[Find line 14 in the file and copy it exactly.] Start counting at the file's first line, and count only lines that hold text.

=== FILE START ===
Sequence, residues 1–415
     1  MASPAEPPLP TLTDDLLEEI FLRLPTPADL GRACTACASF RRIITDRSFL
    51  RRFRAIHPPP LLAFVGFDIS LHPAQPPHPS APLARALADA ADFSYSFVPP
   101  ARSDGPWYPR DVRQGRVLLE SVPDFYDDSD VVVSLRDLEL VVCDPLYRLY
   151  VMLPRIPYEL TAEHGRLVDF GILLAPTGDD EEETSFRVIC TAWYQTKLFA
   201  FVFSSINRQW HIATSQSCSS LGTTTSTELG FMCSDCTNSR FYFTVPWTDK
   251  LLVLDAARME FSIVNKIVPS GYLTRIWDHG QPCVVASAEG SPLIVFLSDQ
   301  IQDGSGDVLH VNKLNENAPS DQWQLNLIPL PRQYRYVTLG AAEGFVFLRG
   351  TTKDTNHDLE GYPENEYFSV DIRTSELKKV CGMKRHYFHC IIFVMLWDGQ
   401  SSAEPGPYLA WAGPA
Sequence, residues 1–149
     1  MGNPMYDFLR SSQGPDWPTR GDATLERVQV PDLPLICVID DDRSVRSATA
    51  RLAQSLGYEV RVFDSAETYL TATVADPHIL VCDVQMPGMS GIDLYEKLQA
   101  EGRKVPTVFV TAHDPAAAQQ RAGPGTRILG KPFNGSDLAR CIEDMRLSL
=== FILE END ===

   101  EGRKVPTVFV TAHDPAAAQQ RAGPGTRILG KPFNGSDLAR CIEDMRLSL